Find the quadratic equation satisfied by the other cube roots of 2-2i

If (x+iy)^2=8i,prove that x((x^2)-3(y^2)=y((y^2)-3(x^2)=2,show that these equations have one solution in which x=y.And hence find one of the cube root of 2-2i.Find the quadratic equation satisfied by the other cube roots of 2-2i

Re: Find the quadratic equation satisfied by the other cube roots of 2-2i

Quote:

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**spacemenon** If (x+iy)^2=8i,prove that x((x^2)-3(y^2)=y((y^2)-3(x^2)=2,show that these equations have one solution in which x=y.And hence find one of the cube root of 2-2i.Find the quadratic equation satisfied by the other cube roots of 2-2i

I find this question very very confused.

implies or

Is that consistent with the rest of the post? Read the post again. The grouping symbols are mismatched.

Re: Find the quadratic equation satisfied by the other cube roots of 2-2i

Sorry, u r right ,the question was wrong.

Any idea will be appreciated ,pls do solve the prb without using de moviers theorem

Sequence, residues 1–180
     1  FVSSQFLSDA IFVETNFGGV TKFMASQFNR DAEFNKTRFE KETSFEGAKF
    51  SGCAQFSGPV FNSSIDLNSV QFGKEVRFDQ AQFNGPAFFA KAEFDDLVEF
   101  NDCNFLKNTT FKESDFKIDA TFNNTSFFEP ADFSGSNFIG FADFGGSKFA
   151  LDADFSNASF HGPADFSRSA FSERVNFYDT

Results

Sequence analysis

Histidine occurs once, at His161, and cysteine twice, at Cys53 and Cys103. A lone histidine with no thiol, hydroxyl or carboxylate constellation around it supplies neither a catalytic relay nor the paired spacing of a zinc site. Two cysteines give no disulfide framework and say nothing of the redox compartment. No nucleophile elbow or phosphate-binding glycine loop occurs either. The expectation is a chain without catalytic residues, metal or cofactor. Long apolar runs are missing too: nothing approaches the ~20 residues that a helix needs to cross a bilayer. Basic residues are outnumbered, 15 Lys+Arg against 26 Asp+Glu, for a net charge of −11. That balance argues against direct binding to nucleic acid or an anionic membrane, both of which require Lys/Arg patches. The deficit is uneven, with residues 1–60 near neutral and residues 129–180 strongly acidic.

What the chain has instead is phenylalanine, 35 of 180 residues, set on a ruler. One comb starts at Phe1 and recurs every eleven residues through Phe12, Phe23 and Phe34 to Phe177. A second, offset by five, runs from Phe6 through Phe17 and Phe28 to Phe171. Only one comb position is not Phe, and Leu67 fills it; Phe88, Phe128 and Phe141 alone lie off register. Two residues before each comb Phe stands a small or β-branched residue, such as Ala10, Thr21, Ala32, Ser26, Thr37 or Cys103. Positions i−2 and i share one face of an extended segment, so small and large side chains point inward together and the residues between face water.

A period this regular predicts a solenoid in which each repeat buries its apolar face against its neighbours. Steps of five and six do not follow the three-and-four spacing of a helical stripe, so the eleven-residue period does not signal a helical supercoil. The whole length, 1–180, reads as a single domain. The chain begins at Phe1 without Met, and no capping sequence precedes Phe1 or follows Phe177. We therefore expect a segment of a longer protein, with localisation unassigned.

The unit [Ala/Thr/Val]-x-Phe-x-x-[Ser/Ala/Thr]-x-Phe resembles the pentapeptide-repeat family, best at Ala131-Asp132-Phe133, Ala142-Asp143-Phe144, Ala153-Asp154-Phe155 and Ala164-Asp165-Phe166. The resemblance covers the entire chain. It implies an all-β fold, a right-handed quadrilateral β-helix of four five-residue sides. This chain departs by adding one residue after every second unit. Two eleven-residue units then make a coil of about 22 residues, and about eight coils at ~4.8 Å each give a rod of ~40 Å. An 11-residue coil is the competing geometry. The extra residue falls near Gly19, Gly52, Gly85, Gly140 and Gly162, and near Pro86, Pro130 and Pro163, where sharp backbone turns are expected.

If (x+iy)^3=8i,where x and y are real nos prove that x((x^2)-3(y^2)=y((y^2)-3(x^2)=2,show that these equations have one solution in which x=y.And hence find one of the cube root of 2-2i.Find the quadratic equation satisfied by the other cube roots of 2-2i

ans -i-i;z^2-(i+i)z+2i=0;0.5(1+sqrt 3)+0.5(1-sqrt 3)i,0.5(1-sqrt 3)+0.5(1+sqrt 3)i

Re: Find the quadratic equation satisfied by the other cube roots of 2-2i

Quote:

Originally Posted by

**spacemenon** x((x^2)-3(y^2)=y((y^2)-3(x^2)=2

I believe Plato was referring to the parenthesis, not to mention the fact that neither nor are equal to 2. Check the problem statement again.

And de Moivre's theorem doesn't play into this. Just expand and match coefficients with 8i. (Which is what Plato did.)

-Dan